Hypothesis peer review

 Background for Teachers

Scientists often engage in debates about their hypotheses and approaches. These can be verbal or on paper, and are often called "peer review". This type of constructive criticism is very important and helps scientists see how they might improve their work to get more definite answers, or to see things they might have overlooked.

This activity engages students in a type of peer review by having the class as a whole review each other’s hypotheses and study designs. Discussions should focus around questions such as:

  • Why do you think that?
  • Have you considered…? (For example, a competing explanation for how a system might work.)
  • When you are collecting data, won’t it be confusing if … (A good example of this would be a student proposing to look at the relationship between flow rate and nitrogen without paying attention to season.)
  • Couldn’t you also measure…? (For example, suggesting that students collecting tree density also keep track of the kind of tree, just in case it might matter.)

A key objective in this kind of exercise is helping students learn a different kind of discourse—one that is not personal, but is instead focused on leading to general improvement. You can help students see the importance of this by reminding them that others will use the results. Some students may have to play the role of "devil's advocate" - sometimes making an argument that they are not sure of, but that they think needs exploring. This type of thinking and healthy debate can lead to better projects and new ways of working.

You may have to ‘seed’ the discussion by beginning the discussion with “What part of the nitrogen cycle/season are you focusing on?” or “How will you use those data to support your claim?”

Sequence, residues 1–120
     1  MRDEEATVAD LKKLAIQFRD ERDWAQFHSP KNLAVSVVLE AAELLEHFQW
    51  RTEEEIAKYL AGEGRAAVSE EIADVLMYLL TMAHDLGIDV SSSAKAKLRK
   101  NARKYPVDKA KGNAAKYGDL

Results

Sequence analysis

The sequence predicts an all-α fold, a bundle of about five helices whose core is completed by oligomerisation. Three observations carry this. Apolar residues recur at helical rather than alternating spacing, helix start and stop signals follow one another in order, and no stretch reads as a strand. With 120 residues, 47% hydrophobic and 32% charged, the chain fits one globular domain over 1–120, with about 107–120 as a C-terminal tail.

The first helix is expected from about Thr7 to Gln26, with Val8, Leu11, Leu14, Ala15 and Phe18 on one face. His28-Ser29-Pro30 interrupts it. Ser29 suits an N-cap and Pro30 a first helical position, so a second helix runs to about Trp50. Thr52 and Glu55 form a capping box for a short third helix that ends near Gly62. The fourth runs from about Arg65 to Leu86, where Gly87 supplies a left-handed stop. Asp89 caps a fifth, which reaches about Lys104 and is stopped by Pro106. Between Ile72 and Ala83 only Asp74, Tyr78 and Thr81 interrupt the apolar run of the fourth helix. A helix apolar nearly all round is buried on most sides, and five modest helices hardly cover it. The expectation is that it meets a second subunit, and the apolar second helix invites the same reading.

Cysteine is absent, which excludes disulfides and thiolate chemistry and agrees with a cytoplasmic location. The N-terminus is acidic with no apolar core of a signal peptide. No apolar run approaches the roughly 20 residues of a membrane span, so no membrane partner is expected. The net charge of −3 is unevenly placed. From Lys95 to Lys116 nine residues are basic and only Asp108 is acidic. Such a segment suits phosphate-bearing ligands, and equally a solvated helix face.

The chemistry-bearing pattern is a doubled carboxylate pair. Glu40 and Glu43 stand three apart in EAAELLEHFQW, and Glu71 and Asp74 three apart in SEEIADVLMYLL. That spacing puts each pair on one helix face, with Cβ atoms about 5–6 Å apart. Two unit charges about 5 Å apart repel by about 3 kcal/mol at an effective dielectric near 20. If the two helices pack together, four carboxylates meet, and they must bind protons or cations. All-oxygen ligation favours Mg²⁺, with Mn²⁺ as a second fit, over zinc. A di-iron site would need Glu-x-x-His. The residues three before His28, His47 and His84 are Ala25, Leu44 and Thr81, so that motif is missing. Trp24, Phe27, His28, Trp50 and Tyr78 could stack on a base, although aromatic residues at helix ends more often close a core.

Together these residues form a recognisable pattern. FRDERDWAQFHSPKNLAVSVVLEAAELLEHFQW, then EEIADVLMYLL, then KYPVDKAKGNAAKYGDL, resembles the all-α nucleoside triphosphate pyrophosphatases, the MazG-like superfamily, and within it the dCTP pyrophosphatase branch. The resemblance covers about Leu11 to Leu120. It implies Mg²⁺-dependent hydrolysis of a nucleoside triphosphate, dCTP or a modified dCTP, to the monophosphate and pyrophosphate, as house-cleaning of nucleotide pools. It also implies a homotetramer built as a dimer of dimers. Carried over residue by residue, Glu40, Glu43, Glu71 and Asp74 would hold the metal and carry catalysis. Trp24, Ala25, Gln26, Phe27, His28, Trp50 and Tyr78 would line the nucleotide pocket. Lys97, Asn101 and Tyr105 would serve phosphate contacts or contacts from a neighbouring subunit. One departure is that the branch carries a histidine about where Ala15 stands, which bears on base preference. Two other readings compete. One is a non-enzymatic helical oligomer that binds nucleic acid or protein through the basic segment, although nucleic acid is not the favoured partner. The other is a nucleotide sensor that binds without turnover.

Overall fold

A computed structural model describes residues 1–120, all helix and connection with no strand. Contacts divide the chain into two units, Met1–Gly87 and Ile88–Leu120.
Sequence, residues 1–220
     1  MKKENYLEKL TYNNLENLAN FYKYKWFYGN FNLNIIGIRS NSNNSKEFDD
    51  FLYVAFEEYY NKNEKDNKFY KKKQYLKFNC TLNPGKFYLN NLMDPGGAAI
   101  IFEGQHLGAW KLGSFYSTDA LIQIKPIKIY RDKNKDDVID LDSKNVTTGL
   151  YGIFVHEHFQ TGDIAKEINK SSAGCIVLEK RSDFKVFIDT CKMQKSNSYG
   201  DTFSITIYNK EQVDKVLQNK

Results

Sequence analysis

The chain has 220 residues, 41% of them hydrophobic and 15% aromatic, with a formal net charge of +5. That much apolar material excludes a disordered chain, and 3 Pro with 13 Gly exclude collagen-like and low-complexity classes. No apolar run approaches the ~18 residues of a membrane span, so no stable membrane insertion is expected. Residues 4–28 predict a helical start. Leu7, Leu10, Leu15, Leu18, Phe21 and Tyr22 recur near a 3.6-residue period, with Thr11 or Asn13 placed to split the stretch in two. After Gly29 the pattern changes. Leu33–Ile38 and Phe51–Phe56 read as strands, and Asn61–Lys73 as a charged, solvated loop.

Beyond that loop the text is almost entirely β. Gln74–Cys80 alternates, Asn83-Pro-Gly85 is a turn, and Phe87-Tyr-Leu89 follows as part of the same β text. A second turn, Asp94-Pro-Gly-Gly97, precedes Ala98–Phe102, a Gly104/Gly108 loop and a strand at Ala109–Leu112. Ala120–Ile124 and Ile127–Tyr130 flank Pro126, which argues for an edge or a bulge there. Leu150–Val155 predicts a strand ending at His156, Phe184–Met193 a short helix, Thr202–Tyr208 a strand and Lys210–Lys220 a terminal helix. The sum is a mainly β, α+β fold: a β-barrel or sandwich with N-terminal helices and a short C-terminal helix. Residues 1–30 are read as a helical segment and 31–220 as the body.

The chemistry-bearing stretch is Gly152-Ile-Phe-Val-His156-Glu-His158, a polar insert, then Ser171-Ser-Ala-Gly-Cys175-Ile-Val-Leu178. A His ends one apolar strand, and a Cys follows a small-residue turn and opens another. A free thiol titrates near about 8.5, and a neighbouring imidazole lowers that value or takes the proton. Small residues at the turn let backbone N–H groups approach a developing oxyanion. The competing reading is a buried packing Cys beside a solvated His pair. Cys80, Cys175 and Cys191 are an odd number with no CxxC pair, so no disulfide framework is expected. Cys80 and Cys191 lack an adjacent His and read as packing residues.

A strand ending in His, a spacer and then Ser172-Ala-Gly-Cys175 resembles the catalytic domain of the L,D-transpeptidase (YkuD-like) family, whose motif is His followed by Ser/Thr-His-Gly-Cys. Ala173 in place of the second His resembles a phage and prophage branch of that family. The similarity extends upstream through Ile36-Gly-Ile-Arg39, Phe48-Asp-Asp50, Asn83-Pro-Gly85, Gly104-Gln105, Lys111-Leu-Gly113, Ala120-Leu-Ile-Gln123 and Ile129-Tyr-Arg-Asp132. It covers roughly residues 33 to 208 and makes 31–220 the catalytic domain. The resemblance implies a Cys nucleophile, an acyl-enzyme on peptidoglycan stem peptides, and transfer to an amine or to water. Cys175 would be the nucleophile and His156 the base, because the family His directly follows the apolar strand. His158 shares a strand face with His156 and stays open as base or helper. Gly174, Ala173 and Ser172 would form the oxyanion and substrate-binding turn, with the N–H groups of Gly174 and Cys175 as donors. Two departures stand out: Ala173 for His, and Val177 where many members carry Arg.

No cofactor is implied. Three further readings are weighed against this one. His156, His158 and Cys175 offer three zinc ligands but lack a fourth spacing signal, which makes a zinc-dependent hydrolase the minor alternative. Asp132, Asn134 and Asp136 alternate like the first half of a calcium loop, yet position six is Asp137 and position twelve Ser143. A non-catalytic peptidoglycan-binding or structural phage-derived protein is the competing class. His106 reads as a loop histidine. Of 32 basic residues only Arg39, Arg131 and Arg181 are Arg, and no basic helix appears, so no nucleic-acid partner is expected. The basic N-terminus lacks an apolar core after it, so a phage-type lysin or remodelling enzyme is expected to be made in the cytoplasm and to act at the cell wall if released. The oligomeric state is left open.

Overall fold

You may want to prepare students who have questionable (non-testable) claims by asking, “What will you do if there aren’t any data of the kind you need to address your claim?” This scenario occurs frequently. Students might be able to re-focus on another question from their brainstorming sheet.

A good resource for classroom discourse of this type is found in Chapter 5: Making Thinking Visible: Talk and Argument in Ready, Set, SCIENCE! from the National Academies Press (2007). The book is geared toward middle school science classes, but if norms for argumentation have not been set in your district then chances are that this is an unfamiliar type of classroom discussion and will need scaffolding and modeling. (read the chapter here: http://www.nap.edu/openbook.php?record_id=11882&page=87)

Remind students that if they contradict or challenge each other then they need to give the reasoning behind the contraction or challenge.

 Goals

  • Students engage in constructive feedback

Outcomes

  • A refined research question and hypothesis based on input from peers

Where does this lesson happen in the Project?

This is the second lesson in Unit 3: Questions and Claims

Getting Ready

Students should have their hypothesis ready.

Materials

  • Student’s hypothesis worksheets from Activity 1: Research Question and Hypothesis
  • White board for students to draw or expand on any one of their ideas (especially to show their hypothetical graph)

 Handouts (see also Lesson Resources)

As this is a classroom discussion there are no handouts. You can make this an activity where one group reviews another group’s work.

 Student Prerequisites

  • Students must have their question, hypothesis and hypothetical graph ready to present

Time Needed

One class period

Doing the Activity

Ask each group to present their question, hypothesis (in an ‘If, Then…Because’ statement), the data they will use to support their hypothesis and their hypothetical graph. The rest of the class can then ask clarifying questions and make suggestions.

Assessment

Formative

Ask your two ‘seed’ questions: Do your students seem comfortable with their ideas? Do they answer everyone’s questions well? Have they spelled out what they’ll need for data to answer their question (and can they get those things)?

Summary

Ask for students to write feedback for each of the other groups. Ask them to include at least one question about the experimental design. Students refine their hypotheses, and demonstrate that
they have incorporated the feedback from the class.

Lesson Extensions and Supplements

None.

Lesson Resources

Chapter 5: Making Thinking Visible: Talk and Argument from Ready, Set, SCIENCE!

 

 

Details

Standards: 

Planning and carrying out investigations
Engaging in argument from evidence